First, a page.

If you plan Utah for next summer, or the Rockies as you prev mentioned, perhaps I can plan to be there too.

At least you have a spare bike . . .

bobskoot: wet coast scootin

Circle Blue said...

As you say, at least it broke when it did.

And, I want a friend like Oscar! What a blessing to have a friend like that.


Charlie6 said...

cpa3485, Jim...10 years is a long time for a motorcycle to sit idle. I hope the owner "placed it into storage" correctly. I'd be glad to throw in my two cent's worth of expertise! That's about what it's worth by the way, two cents.

Charlie6 said...

Thanks Stacy for commenting and yes, it would have really sucked to get all the way to Utah and then have it blow up. Then again, it seems I probably would have blown the transmission on the minivan first!

Charlie6 said...

Bobskoot, I imagine you're correct, the poor thing has a max towing capacity of 1300 lbs.....Natasha and the trailer were damn close to that.

And yes, having a spare motorcycle is key. Now if only I can get the Ural back before snow hits the Denver area.....

Gary France said...

Oh no! So sorry to hear about Natasha being ill. I know how much you and she were looking forward to the trip (ok, Martha and the kids as well!). Get well soon Natasha and I hope that you, Charlie6, Martha and the boys can make the trip soon.

Chris Luhman said...

Bad luck with the Ural, but it sounds like they'll be able to repair all of the damage. *fingers crossed* you'll get it back soon! (and without breaking the bank)

RichardM said...

Just curious, is this a common problem or is it related to usage? I.e. number of hot-cold cycles or how hot the heads get. Or is it just a fluke?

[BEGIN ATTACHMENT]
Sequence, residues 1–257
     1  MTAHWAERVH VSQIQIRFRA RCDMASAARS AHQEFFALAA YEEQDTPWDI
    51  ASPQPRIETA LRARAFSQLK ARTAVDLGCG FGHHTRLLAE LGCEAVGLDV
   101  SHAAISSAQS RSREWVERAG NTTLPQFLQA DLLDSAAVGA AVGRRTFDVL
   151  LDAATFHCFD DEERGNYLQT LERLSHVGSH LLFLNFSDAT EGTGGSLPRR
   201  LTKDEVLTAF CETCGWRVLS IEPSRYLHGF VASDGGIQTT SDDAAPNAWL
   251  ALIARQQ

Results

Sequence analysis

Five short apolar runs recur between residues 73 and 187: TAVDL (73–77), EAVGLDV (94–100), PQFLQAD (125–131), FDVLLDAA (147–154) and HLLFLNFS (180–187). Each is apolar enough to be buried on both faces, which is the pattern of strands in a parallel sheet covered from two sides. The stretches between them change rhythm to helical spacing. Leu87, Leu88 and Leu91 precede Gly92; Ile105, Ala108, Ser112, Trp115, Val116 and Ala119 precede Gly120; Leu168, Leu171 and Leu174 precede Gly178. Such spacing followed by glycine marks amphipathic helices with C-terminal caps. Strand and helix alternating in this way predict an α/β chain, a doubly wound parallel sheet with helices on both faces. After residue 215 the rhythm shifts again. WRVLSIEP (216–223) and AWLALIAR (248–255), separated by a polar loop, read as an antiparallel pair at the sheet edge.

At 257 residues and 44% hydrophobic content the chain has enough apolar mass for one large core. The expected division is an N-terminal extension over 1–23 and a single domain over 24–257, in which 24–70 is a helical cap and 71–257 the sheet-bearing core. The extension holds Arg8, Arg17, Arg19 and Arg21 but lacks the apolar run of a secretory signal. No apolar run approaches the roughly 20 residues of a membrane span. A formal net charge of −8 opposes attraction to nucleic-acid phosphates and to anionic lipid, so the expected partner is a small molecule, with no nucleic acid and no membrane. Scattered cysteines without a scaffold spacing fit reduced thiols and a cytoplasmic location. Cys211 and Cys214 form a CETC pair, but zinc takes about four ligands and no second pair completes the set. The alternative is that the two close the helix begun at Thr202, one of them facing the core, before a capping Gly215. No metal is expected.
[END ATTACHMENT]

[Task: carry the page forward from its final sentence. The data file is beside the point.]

Sorry that it messed up your vacation but you could still go to Utah with the mini van though that wouldn't be as much fun.


Charlie6 said...

Gary, thanks for the well wishes for Natasha, I hope to get her back at the end of the week....I hear there's a couple of feet of snow at the passes.....might be a good test of the repairs?

Charlie6 said...

Chris...yes, let's hope the repairs don't involve "breaking the bank"....I may have to choose as to which of my two sons goes to college.


Charlie6 said...

RichardM: Dennis of Linden Engineering commented that this is apparently a fairly common occurrence.....

Martha said...

Yep, every man needs a friend like Oscar. He had a calming presence to the entire retrieval process.

While we were slightly disappointed to have our plans changed, we know that the beauty of UT will still be there, once we get Natasha back in working order. Going in "just the cage" did not sound interesting to any of us...which is why we skipped the trip completely.
But yes, with repair costs, I fear my dream of you picking up a GS will have to be on the back burner for now...